Logistics researcher Andrew Morgan is embarking on an ambitious new project to understand how fresh produce supply chains are adapting to new trading environments and regulatory regimes post-Brexit.
Firstly, Morgan will assess the state of play in 2023 and how Brexit has already affected fruit and vegetable imports, before producing four quarterly reports, for publication by FPJ from June 2024 onwards.
The main audience is expected to be strategic decision-makers in commercial sectors including growers, cargo owners, importers, exporters, agents, terminal operators, shipping lines, airlines, and temperature-controlled storage or transport operators.
However, the research will also be of value to banks and insurers working with fresh produce companies, as well as government policy makers.
From a product perspective, the focus will be on highly perishable categories, namley baby leaf salad, lettuce, spinach, tomatoes, and berries.
The study will cover produce produced both in European and the rest of the world, bearing in mind the integration with UK domestic production as growing seasons shift.
With the UK’s Border Target Operating Model set to roll out from January 2024 – following multiple delays to the introduction of border checks – Morgan and his team at logistics advisory Global 78 will explore how the new border controls on various goods will affect the overall logistics environment.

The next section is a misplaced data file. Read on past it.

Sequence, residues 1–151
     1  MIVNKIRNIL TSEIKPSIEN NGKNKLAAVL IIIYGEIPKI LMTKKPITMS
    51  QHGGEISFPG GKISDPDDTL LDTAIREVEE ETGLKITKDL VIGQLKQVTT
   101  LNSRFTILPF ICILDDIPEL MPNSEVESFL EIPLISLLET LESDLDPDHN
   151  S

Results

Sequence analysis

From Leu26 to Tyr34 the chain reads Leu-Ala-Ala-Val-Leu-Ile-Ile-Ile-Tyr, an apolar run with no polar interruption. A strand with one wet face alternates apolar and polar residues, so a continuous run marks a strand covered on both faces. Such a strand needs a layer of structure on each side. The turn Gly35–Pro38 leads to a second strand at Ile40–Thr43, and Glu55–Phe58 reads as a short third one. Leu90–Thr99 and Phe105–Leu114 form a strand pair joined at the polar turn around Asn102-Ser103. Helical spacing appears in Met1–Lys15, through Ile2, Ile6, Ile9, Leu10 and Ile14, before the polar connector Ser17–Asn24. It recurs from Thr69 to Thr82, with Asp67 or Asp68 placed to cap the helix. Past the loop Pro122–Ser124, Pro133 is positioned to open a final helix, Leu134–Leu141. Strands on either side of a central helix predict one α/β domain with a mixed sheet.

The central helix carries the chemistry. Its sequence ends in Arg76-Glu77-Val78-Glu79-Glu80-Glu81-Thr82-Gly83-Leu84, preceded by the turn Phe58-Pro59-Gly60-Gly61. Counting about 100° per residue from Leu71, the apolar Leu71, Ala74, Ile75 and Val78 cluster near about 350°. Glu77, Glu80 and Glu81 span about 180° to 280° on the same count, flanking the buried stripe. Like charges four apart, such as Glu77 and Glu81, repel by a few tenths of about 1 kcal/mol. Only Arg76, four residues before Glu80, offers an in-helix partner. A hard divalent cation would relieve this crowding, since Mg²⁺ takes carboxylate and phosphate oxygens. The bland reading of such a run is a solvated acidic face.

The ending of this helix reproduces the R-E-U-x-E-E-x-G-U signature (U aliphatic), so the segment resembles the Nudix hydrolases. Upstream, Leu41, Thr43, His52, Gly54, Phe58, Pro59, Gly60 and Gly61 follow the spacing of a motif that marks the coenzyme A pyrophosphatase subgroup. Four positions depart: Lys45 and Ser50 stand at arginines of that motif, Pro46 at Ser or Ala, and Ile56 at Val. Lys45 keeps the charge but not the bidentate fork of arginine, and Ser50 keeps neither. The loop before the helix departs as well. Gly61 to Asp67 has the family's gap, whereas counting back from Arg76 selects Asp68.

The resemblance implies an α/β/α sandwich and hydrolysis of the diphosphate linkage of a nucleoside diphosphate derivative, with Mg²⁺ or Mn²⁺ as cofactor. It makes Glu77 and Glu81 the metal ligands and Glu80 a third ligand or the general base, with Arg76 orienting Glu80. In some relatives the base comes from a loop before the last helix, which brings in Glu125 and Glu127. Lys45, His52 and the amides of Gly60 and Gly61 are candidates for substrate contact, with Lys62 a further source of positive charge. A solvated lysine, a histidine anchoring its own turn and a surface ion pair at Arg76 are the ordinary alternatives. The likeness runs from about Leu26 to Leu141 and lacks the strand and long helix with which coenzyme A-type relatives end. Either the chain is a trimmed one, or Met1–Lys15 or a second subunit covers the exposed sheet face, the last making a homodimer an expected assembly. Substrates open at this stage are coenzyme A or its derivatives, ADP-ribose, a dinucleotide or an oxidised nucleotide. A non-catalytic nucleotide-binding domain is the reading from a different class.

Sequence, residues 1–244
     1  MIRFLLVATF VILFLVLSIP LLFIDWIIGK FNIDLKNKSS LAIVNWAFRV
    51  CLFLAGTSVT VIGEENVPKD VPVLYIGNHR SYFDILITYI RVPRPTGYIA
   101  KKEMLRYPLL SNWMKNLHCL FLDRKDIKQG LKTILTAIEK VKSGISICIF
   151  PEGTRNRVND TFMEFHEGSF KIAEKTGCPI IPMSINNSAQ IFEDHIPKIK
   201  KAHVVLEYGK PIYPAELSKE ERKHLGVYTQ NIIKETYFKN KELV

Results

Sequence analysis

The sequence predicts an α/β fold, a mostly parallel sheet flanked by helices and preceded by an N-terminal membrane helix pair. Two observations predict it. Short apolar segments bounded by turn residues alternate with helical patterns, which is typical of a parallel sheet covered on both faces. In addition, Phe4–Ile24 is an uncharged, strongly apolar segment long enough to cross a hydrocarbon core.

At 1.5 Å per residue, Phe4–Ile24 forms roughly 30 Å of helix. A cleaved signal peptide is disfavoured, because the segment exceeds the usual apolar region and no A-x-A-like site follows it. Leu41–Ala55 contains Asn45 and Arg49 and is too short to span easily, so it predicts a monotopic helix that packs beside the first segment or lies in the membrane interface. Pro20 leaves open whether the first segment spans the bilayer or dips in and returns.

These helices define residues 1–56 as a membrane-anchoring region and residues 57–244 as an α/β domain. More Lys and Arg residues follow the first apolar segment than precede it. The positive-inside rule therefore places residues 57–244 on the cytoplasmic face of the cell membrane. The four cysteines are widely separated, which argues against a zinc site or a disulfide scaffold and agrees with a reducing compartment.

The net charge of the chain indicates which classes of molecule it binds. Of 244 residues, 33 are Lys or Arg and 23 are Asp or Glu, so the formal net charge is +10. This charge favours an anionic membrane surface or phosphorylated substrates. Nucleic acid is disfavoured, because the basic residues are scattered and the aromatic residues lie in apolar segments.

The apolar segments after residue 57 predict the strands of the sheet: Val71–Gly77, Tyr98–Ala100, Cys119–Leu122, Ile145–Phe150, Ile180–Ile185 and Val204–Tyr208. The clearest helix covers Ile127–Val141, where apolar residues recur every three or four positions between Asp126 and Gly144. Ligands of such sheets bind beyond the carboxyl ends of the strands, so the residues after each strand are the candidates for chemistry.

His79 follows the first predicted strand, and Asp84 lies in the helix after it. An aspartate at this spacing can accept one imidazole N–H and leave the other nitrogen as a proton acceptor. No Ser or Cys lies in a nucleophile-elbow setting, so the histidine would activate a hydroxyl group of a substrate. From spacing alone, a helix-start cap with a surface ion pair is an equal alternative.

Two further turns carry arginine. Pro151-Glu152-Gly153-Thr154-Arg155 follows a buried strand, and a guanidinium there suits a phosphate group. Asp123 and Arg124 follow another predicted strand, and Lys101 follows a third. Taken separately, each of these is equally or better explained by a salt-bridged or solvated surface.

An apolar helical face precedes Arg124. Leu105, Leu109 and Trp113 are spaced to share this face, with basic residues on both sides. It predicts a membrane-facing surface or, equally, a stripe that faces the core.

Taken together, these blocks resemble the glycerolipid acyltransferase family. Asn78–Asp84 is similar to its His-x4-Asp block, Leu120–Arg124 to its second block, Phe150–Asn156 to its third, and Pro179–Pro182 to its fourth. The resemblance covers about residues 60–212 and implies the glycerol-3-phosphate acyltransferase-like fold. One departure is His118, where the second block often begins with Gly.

Under the government’s latest plans, published in August, fresh fruit and vegetables arriving from the EU will be exempt from pre-notification requirements and UK border inspections, but Morgan warns there could still be a knock-on effect on fresh produce logistics.
Commenting on the project, Morgan said: “One of the key objectives is to have a comprehensive and coherent understanding of what is going to be happen throughout 2024 and to get that by having a good understanding of the framework we’ve currently got.
“We’ll get strong political views either for or against Brexit, but we want to put those to one side. We’re very much taking the line of ’we are where we are’.”
He added: “We’ve already got a lot of uncertainty in the industry and people are trying to make strategic plans to devise new contracts going forward. That’s easier said than done if things are shifting all the time.”
With the project still in its infancy, Morgan is searching for fresh produce suppliers, importers, exporters and logistics firms to collaborate with on the research. Participation is being sought from as wide a spectrum of stakeholders as possible.
Sponsorship will be invited from a limited number of companies and organisations, bearing in mind the need to maintain independence, impartiality, and political neutrality.
If you are interested in being involved in the project and helping to make it a success, please contact Morgan at email@example.com.